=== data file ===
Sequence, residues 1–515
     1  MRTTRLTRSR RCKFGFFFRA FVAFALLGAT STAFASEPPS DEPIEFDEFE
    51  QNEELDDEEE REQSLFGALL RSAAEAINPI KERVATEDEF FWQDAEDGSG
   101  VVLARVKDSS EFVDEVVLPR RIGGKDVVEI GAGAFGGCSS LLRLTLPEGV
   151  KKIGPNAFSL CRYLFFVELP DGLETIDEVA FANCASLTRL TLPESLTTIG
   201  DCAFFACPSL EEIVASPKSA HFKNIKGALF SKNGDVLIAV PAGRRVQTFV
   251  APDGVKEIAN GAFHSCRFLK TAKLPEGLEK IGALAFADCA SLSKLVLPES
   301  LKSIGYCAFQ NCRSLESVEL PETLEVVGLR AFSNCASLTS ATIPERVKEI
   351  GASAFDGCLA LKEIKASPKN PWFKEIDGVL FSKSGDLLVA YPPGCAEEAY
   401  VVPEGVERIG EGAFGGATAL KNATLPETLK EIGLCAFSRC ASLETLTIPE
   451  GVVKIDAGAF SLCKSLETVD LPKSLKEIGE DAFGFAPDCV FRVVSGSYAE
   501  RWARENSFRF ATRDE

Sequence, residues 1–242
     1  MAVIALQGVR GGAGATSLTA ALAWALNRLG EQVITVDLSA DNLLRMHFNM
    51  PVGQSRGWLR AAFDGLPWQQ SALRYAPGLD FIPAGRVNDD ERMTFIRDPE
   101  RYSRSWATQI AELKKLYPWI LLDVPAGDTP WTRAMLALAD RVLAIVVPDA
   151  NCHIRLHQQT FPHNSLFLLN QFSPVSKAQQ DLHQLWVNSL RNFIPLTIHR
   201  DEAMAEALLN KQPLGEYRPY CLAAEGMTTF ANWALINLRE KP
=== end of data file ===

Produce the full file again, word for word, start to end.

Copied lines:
Sequence, residues 1–515
     1  MRTTRLTRSR RCKFGFFFRA FVAFALLGAT STAFASEPPS DEPIEFDEFE
    51  QNEELDDEEE REQSLFGALL RSAAEAINPI KERVATEDEF FWQDAEDGSG
   101  VVLARVKDSS EFVDEVVLPR RIGGKDVVEI GAGAFGGCSS LLRLTLPEGV
   151  KKIGPNAFSL CRYLFFVELP DGLETIDEVA FANCASLTRL TLPESLTTIG
   201  DCAFFACPSL EEIVASPKSA HFKNIKGALF SKNGDVLIAV PAGRRVQTFV
   251  APDGVKEIAN GAFHSCRFLK TAKLPEGLEK IGALAFADCA SLSKLVLPES
   301  LKSIGYCAFQ NCRSLESVEL PETLEVVGLR AFSNCASLTS ATIPERVKEI
   351  GASAFDGCLA LKEIKASPKN PWFKEIDGVL FSKSGDLLVA YPPGCAEEAY
   401  VVPEGVERIG EGAFGGATAL KNATLPETLK EIGLCAFSRC ASLETLTIPE
   451  GVVKIDAGAF SLCKSLETVD LPKSLKEIGE DAFGFAPDCV FRVVSGSYAE
   501  RWARENSFRF ATRDE

Sequence, residues 1–242
     1  MAVIALQGVR GGAGATSLTA ALAWALNRLG EQVITVDLSA DNLLRMHFNM
    51  PVGQSRGWLR AAFDGLPWQQ SALRYAPGLD FIPAGRVNDD ERMTFIRDPE
   101  RYSRSWATQI AELKKLYPWI LLDVPAGDTP WTRAMLALAD RVLAIVVPDA
   151  NCHIRLHQQT FPHNSLFLLN QFSPVSKAQQ DLHQLWVNSL RNFIPLTIHR
   201  DEAMAEALLN KQPLGEYRPY CLAAEGMTTF ANWALINLRE KP